Showing posts with label jimmy eat world. Show all posts
Showing posts with label jimmy eat world. Show all posts

Friday, October 28, 2016

video review: 'integrity blues' by jimmy eat world

And that's two for tonight. Whew, this went down a lot easier than I expecting, really quite pleased with it too. Did not expect to enjoy it as much as I did, that's for sure...

And next up, Tove Lo and... well, this Avenged Sevenfold record is bound to be interesting, I suppose... stay tuned!

album review: 'integrity blues' by jimmy eat world

Of the albums I was expecting that I'd eventually cover this year, a new record from Jimmy Eat World was not one of them.

And to be completely honest, I'm not entirely sure why that is, probably not helped that I'm pretty divided on the group as a whole. I've always considered the band something of a mess of contradictions: the lyrics treading right up to the line of emo with frontman Jim Adkins tending to underplay his delivery... paired with instrumentation that went straight for power pop and never turned back, most of which led to songs that had swell and impact instrumentally but weren't always well matched by their content. It was always a balancing act for me with Jimmy Eat World - at their best, they hit anthemic rock beats that could match the broader scope of their writing, or managed to precisely nail a sweet spot that would make them influential in emo throughout the next decade. 

Granted, by emo standards Jimmy Eat World were never great songwriters - Say Anything never had anything to worry about - which is why I tended to like their more anthemic stabs like Futures and Chase The Light a fair bit more than most, and am willing to forgive some parts of Invented. But 2013's Damage was a frustrating listen, an attempt to go 'back to basics' with their scope and sound, and ditching Mark Trombino's production to do it left with middling results at best - not a bad album, but certainly not one anybody remembered. But there's a part of me that was kind of curious about their album this year Integrity Blues, mostly because they were working with Justin Meldel-Johnsen on production - and even though I've definitely come down hard on his production work in the past, he has injected more personality into his work and that could be a good fit for Jimmy Eat World, who as a band I've always thought could use a little more flash. So okay, how as Integrity Blues?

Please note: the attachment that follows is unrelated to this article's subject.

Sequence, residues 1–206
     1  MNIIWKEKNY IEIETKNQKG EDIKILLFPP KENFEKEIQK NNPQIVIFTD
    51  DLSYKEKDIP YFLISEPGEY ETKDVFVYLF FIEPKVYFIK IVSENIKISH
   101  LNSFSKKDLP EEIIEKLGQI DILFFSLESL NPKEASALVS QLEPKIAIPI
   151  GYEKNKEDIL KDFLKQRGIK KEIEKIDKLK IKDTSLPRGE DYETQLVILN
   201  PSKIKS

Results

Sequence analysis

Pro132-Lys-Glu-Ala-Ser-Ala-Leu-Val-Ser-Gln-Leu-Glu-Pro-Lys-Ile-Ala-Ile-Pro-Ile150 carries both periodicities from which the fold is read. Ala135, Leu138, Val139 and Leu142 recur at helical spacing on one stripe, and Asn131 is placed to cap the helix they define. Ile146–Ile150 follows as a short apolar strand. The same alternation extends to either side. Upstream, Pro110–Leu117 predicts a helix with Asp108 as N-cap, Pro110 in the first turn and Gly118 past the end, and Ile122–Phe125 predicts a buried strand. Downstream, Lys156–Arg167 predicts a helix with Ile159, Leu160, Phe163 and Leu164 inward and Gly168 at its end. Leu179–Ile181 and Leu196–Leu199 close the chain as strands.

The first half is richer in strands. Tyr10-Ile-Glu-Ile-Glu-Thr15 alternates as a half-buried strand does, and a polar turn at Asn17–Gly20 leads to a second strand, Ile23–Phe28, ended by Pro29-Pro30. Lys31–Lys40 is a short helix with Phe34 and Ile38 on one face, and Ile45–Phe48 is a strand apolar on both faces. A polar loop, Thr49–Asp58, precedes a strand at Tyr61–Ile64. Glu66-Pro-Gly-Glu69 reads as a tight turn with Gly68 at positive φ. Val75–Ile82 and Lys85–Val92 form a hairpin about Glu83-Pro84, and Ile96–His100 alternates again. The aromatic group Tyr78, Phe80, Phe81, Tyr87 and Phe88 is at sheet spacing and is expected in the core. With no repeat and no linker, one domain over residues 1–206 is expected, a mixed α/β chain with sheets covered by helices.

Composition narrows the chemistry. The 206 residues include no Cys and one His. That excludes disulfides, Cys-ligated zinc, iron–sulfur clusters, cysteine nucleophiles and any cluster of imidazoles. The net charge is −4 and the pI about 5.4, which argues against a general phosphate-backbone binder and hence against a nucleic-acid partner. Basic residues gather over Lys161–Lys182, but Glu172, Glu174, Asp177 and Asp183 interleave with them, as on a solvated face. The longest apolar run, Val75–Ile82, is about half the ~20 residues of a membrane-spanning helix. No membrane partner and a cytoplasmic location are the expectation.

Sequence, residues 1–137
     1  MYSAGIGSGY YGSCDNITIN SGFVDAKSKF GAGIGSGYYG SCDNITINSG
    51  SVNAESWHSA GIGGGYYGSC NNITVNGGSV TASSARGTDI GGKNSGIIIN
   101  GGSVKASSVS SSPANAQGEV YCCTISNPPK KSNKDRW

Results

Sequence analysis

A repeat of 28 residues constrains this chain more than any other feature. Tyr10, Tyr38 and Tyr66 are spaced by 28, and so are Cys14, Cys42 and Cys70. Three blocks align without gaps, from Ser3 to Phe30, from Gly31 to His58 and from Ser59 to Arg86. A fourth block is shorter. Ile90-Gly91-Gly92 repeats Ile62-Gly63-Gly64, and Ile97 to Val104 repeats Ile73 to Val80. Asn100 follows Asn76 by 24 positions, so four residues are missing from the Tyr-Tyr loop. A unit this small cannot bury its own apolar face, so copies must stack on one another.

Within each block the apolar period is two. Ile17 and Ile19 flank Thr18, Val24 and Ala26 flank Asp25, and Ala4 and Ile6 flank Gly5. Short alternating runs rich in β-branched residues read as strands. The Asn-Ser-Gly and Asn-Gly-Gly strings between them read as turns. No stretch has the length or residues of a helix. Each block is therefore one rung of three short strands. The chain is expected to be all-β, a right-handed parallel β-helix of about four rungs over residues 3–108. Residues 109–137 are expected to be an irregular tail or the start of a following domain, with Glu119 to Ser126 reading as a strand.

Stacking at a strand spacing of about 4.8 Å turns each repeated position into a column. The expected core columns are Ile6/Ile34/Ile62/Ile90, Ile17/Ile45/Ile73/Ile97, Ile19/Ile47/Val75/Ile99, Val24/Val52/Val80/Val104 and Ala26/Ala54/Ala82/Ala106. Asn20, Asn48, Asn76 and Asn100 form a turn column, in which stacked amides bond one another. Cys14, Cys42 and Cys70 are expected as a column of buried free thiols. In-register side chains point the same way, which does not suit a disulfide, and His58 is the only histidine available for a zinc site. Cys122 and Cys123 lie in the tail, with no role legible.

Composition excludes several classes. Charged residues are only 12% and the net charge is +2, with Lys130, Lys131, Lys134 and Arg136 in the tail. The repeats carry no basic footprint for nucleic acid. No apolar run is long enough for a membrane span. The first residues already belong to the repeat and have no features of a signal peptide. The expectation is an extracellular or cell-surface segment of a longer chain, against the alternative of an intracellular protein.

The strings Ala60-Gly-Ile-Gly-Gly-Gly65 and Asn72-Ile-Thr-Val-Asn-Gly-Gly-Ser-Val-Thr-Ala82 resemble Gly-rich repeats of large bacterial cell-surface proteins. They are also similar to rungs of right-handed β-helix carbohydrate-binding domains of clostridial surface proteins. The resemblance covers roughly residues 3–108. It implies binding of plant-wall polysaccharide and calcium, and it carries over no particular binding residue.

Tuesday, June 11, 2013

album review: 'damage' by jimmy eat world

Ugh, I hate this. 

I hate that this is a factor in my enjoyment of songs, because it makes me look like the most nitpicking, audiophile asshole, the kind that bitches against iPods because of mp3 compression and only listens to FLACs, or the kind that remixes and remasters songs in his basement and because of that has an inflated feeling that 'he just knows music better'. Let me make this absolutely fucking clear - I completely get why people like listening to music at high bitrates, and I would be lying if I didn't say that I'd take the sound of good organic vinyl over some YouTube rip any day of the week. And yeah, I will completely stand behind artists like Nick Cave when he says that Henry's Dream didn't come out properly because of the shoddy production, and I will wholeheartedly support his choice to make a phenomenal live album where he basically replayed the album properly.

But with all of that in mind, music should be about music, not production. While there is a fine art to good production and mixing, it's arguably the least important element in comparison to the instrumentation and lyrics. The notes being played and the words being sung are the creative element, the raw spark of art - production and mixing are the editing desk, the polish, the filter from which the art is passed to us. It shouldn't matter if 'Satisfaction' by the Rolling Stones is played mono or stereo or if it was run through a high pass filter or the reverb is a little too high on Jagger's microphone, it's still 'Satisfaction' by the fucking Rolling Stones